That brings us to the second option: the claim that men and women parent differently, and children benefit from having one of each. Shelton has made this point too: “no matter how great a mum is, she is not a father. And however great a dad is, he is not a mother.”
But again we’re left wondering why having ‘one of each’ should be best for children, or why we’d think a lack of both harmful. Even a full-blown gender essentialist who thinks the differences between ‘fathering’ and ‘mothering’ are biologically grounded owes us an account of why that makes those differences valuable. (Aggression and selfishness might also be biologically grounded, but we don’t think that makes being aggressive or selfish morally obligatory – quite the opposite in fact).
Ideology and theology
The ACL, Marriage Alliance, and other such groups like to warn of the dangers of a vaguely-defined “rainbow ideology.” More broadly we’re told that programs like Safe Schools are “ideological,” which we’re instantly meant to understand as a Bad Thing. As Louis Althusser, the French Marxist philosopher (three strikes right there…) put it, “the accusation of being in ideology only applies to others, never to oneself.”
That, according to Althusser, is precisely how ideology works: it makes a given state of affairs seem as if it was obviously how things must be, “common sense” rather than contingent and changeable. Such as, for instance, the view that that men ‘naturally’ parent in a certain way and women in a different way.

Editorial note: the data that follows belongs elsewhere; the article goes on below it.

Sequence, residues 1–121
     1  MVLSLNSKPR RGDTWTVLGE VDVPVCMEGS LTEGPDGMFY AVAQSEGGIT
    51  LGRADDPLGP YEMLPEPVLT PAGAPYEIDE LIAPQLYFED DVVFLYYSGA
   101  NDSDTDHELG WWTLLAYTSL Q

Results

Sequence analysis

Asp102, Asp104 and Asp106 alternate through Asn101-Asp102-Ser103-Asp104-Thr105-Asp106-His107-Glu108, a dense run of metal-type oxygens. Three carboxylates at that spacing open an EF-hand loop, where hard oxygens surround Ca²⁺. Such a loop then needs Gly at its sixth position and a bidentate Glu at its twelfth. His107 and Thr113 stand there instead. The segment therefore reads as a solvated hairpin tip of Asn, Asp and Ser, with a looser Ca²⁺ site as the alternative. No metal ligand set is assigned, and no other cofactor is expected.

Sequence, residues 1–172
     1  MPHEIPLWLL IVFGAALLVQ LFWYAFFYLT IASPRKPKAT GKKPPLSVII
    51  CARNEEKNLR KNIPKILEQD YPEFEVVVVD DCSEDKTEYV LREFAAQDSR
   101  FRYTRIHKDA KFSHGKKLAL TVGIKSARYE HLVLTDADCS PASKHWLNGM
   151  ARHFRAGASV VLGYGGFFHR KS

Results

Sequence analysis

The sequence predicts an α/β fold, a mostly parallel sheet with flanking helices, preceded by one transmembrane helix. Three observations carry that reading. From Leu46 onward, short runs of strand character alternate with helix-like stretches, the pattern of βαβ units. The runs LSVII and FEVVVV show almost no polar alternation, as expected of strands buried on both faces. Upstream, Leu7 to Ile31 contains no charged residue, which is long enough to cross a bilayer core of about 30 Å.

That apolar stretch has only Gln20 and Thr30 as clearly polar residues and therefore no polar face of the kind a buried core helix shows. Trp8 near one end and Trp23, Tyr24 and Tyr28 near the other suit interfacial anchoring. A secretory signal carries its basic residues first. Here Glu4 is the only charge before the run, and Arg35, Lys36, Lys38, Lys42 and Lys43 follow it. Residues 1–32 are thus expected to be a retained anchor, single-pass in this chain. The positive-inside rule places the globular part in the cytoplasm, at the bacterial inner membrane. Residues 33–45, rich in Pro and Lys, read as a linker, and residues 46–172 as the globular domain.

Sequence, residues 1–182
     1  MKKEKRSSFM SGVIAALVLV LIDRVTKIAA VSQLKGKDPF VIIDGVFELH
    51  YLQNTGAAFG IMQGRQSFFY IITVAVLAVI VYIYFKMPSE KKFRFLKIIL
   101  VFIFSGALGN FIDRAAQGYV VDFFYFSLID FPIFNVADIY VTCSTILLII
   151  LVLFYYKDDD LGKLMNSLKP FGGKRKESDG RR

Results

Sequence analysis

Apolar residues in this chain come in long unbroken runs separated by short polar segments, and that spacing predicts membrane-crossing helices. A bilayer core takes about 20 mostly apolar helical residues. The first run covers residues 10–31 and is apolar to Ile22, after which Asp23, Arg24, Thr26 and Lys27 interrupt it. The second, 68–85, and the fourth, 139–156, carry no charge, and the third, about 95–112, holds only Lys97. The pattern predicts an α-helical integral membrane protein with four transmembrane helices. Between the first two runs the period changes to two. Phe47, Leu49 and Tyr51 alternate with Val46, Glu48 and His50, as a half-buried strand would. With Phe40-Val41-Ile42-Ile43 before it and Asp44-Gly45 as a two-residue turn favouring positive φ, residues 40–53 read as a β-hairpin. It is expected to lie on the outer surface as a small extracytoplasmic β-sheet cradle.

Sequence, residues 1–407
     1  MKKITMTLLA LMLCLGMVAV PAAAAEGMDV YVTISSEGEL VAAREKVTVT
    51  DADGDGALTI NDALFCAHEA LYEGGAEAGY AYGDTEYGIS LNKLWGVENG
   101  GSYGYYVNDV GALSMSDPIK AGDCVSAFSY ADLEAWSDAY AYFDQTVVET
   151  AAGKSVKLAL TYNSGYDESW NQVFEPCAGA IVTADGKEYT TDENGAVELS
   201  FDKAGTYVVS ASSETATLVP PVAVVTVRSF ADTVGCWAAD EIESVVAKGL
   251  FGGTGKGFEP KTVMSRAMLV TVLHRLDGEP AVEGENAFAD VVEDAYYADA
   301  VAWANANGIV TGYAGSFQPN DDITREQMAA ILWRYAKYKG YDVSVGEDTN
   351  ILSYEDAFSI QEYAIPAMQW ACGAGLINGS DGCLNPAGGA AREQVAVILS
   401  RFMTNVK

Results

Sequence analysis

That the ACL’s view is ideological isn’t a fault, by the way. All views are. But the ‘No’ campaign need to be honest with us about their premises. They aren’t just worried about children’s access to their biological parents. As the reaction to orphan adoption shows, their concern is that they think gender roles and heterosexual parenting are somehow normative.
In short, they’re relying on unstated assumptions that are deeply contentious, and hard to motivate properly unless you first believe that human beings are created by God, and that this creation infuses aspects of our biology, such as gender and reproduction, with moral purpose.
That’s a view with a long and rich history. It’s also one that has no place determining policy in a genuinely secular society that rightly excludes revelation claims from public ethics.
The ‘no’ campaign has a right to prosecute its case (though not, as I’ve previously argued here, in a way that violates norms against vilification). But doing so brings with it a responsibility to be honest with the public about what they’re really arguing. Now would be a good time for them to start.
Authors: Patrick Stokes, Senior Lecturer in Philosophy, Deakin University